Dear Royal Society, please stop lying to us about publication times
October 3, 2012
I’ve recently written about my increasing disillusionment with the traditional pre-publication peer-review process [post 1, post 2, post 3]. By coincidence, it was in between writing the second and third in that series of posts that I had another negative peer-review experience — this time from the other side of the fence — which has left me even more ambivalent about the way we do things.
On 17 July I was asked to review a paper for Biology Letters. Having established that it was to be published as open access, I agreed, was sent the manuscript, and two days later sent a response that recommended acceptance after only minor revision. Eleven days later, I was sent a copy of the editor’s decision — a message that included all three reviewers’ comments. I can summarise those reviewers’ comments by directly quoting as follows:
Revewer 1: “It is good to have this data published with good histological images. I have only minor comments – I think the ms should generally be accepted as it is.”
Reviewer 2 (that’s me): “This is a strong paper that brings an important new insight into a long-running palaeobiological issue [...] and should be published in essentially its current form.”
Reviewer 3: “This manuscript reports exciting results regarding sauropod biomechanics [...] The only significant addition I feel necessary is to the concluding paragraph.”
So imagine my surprise when the decision letter said:
I am writing to inform you that your manuscript [...] has been rejected for publication in Biology Letters.
This action has been taken on the advice of referees, who have recommended that substantial revisions are necessary. With this in mind we would like to invite a resubmission, provided the comments of the referees are taken into account. This is not a provisional acceptance.
The resubmission will be treated as a new manuscript.
I can’t begin to imagine how they turned three “accept with very minor revisions” reviews into ”your manuscript has been rejected … on the advice of referees, who have recommended that substantial revisions are necessary”.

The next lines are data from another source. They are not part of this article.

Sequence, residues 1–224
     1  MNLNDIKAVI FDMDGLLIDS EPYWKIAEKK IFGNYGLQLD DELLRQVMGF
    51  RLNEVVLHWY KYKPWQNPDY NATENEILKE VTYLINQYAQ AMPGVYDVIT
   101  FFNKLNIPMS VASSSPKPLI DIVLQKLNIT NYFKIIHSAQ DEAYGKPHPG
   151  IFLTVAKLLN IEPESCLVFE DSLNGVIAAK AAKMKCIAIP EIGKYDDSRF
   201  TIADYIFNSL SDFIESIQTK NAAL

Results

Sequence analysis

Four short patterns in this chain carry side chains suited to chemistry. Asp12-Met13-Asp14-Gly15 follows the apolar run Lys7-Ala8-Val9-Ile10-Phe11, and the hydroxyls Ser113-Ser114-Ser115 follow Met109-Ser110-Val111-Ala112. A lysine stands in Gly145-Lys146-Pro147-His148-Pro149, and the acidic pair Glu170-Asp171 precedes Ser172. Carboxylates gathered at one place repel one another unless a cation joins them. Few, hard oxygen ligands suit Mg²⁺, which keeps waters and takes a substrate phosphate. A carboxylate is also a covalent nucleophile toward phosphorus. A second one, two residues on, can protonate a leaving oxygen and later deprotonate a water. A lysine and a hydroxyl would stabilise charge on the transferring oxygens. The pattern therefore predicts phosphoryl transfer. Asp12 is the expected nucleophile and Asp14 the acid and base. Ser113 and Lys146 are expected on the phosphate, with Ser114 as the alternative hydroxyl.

In fact, let’s dump the “I can’t imagine how” euphemism and say it how it is: “reviewers recommended substantial revisions” is an outright lie. The reviewers recommended no such thing. The rejection can only be because it’s what the editor wanted to do in spite of the reviewers’ comments not because of them. It left me wondering why I bothered to waste my time offering them an opinion that they were only ever going to ignore.
Then six says ago I heard from the lead author, who had just had a revised version of the same manuscript accepted. (It had not come back to me for review, as the editor had said would happen with any resubmission).
The author wrote to me:
The paper will be published (open access) at the 3rd of Octobre. When I had submitted the corrected version of the ms acceptance was only a formality. So [name] was right, they just want to keep time between submission and publishing date short.
Well. We have a word for this. We call it “lying”. When the editor wrote “your manuscript [...] has been rejected for publication in Biology Letters … With this in mind we would like to invite a resubmission … This is not a provisional acceptance. The resubmission will be treated as a new manuscript”, what she really meant was ”your manuscript [...] has been provisionally accepted, please sent a revision. The resubmission will not be treated as a new manuscript”.